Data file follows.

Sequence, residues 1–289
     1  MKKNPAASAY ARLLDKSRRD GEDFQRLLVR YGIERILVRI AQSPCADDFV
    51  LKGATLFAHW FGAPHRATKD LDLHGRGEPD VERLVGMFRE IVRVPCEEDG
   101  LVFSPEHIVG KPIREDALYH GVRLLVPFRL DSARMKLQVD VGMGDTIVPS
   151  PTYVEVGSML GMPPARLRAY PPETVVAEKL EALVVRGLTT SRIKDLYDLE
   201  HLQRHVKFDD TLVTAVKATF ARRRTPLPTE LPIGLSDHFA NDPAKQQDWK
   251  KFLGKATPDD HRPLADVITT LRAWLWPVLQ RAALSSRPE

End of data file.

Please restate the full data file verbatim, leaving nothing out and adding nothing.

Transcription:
Sequence, residues 1–289
     1  MKKNPAASAY ARLLDKSRRD GEDFQRLLVR YGIERILVRI AQSPCADDFV
    51  LKGATLFAHW FGAPHRATKD LDLHGRGEPD VERLVGMFRE IVRVPCEEDG
   101  LVFSPEHIVG KPIREDALYH GVRLLVPFRL DSARMKLQVD VGMGDTIVPS
   151  PTYVEVGSML GMPPARLRAY PPETVVAEKL EALVVRGLTT SRIKDLYDLE
   201  HLQRHVKFDD TLVTAVKATF ARRRTPLPTE LPIGLSDHFA NDPAKQQDWK
   251  KFLGKATPDD HRPLADVITT LRAWLWPVLQ RAALSSRPE